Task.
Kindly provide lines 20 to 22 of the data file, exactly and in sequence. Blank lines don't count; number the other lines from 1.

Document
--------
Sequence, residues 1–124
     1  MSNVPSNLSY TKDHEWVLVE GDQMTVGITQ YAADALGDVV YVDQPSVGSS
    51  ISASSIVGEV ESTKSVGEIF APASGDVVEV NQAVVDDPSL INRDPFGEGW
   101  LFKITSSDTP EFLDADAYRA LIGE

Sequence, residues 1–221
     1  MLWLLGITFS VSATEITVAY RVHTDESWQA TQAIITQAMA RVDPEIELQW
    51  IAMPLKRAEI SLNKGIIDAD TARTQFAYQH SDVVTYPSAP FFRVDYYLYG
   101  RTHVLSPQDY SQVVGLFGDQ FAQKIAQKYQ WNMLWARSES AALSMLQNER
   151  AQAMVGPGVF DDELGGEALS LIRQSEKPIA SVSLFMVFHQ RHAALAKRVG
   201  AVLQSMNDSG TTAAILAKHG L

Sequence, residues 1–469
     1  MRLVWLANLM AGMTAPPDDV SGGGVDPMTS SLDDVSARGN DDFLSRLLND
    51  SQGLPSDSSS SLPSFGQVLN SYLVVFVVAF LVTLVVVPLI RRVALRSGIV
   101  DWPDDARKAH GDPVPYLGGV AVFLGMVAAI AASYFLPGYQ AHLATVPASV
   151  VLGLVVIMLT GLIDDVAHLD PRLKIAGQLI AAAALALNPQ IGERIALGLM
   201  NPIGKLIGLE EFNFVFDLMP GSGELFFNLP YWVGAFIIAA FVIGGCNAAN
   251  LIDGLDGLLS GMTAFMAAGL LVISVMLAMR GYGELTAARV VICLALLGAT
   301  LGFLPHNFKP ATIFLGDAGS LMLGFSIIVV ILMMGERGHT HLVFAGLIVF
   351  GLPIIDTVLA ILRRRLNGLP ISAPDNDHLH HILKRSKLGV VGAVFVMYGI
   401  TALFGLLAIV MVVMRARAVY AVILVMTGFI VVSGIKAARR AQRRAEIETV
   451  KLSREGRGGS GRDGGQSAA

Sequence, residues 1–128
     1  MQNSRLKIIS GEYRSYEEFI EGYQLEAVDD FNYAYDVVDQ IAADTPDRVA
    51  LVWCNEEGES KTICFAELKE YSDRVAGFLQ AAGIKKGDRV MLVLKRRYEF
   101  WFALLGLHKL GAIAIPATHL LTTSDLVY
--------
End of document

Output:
   401  TALFGLLAIV MVVMRARAVY AVILVMTGFI VVSGIKAARR AQRRAEIETV
   451  KLSREGRGGS GRDGGQSAA

Sequence, residues 1–128